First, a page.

The problems with “Silent City” ironically stem from some of these potential strengths above. Pete Fernandez is interesting because he is such an ordinary guy, not your typical detective. This is a nice change from the witty, brilliant, and generally lovable hard-boiled detectives of noir. But without that ‘performance’ from a witty protagonist, a Marlowe or a Spenser, there needs to be something else to really make the novel captivating or enjoyable. For “Silent City” there just isn’t. It’s economical in construction, but thereby becomes very standard and predictable. Nothing comes as a surprise. Fernandez is so ordinary that he becomes dull, so clueless that the reader figures things out well before Pete happens to stumble upon the truth. He is so hapless that it simply stretches disbelief to breaking that he wouldn’t be executed by the killer almost immediately.

The setting, culture, and language of Segura’s debut novel are great, but “Silent City” is missing any element to really set it out as a noteworthy mystery or thriller, the sole novelty of its protagonist sadly dissolving with nothing to support it into the predictable plot, becoming a bland paste.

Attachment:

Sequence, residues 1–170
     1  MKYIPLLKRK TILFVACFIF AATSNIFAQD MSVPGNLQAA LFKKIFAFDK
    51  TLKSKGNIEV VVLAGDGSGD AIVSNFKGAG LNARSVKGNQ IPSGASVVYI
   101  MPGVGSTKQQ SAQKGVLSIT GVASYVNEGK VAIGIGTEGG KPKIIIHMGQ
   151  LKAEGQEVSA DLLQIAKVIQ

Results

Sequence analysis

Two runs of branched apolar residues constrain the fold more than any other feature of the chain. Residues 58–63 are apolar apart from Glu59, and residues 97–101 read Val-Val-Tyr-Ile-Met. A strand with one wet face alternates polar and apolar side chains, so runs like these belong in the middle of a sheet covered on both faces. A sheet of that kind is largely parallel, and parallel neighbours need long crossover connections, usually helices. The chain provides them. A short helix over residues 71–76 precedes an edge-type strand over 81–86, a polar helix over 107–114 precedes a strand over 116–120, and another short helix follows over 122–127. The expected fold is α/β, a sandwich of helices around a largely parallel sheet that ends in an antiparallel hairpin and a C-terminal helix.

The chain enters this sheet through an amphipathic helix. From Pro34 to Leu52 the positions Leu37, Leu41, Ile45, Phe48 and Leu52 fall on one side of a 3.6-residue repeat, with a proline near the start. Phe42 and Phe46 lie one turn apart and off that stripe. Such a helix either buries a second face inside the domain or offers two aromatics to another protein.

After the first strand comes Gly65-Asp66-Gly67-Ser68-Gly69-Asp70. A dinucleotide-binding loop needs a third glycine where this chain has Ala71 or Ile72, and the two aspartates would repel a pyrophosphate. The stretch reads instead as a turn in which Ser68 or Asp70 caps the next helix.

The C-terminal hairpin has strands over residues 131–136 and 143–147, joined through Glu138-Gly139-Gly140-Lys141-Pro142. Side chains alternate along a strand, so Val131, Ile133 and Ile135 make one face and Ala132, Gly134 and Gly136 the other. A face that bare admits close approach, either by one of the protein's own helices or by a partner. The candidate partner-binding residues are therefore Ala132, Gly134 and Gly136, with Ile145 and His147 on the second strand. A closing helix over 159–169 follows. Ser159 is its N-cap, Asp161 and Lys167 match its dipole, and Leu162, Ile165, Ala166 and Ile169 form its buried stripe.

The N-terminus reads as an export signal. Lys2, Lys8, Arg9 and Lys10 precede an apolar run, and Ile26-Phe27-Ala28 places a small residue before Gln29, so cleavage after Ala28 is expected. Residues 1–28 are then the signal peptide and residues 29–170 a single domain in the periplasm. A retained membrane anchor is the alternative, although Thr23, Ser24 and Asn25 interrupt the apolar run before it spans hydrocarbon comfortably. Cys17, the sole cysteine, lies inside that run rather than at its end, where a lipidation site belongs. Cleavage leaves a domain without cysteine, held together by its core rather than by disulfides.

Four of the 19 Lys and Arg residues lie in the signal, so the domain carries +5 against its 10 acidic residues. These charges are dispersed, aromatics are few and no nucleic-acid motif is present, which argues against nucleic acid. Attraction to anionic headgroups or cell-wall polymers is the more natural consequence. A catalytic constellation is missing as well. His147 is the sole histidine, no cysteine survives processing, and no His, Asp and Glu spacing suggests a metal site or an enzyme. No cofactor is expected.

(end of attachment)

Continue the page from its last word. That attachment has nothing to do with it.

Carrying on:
Two Stars out of Five

The Wrong Quarry, by Max Allan Collins

17797436The Wrong Quarry, by Max Allan Collins
Hard Case Crime #114 (Quarry Book 11)
Publisher: Hard Case Crime
ISBN: 1781162662
221 pages, paperback
Published January 2014
Source: Goodreads First-Reads

I’ve read a few of the Quarry novels featured in the Hard Case Crime series and they are always a hard-boiled pleasure. Rich pulp at its finest, Quarry is a captivating antihero despite his predictable qualities of a good conscious down deep, a pride in his work, and that weakness for women. Coupling his wit with sleazy, sinister characters up to no good, you have all the ingredients for a good noir.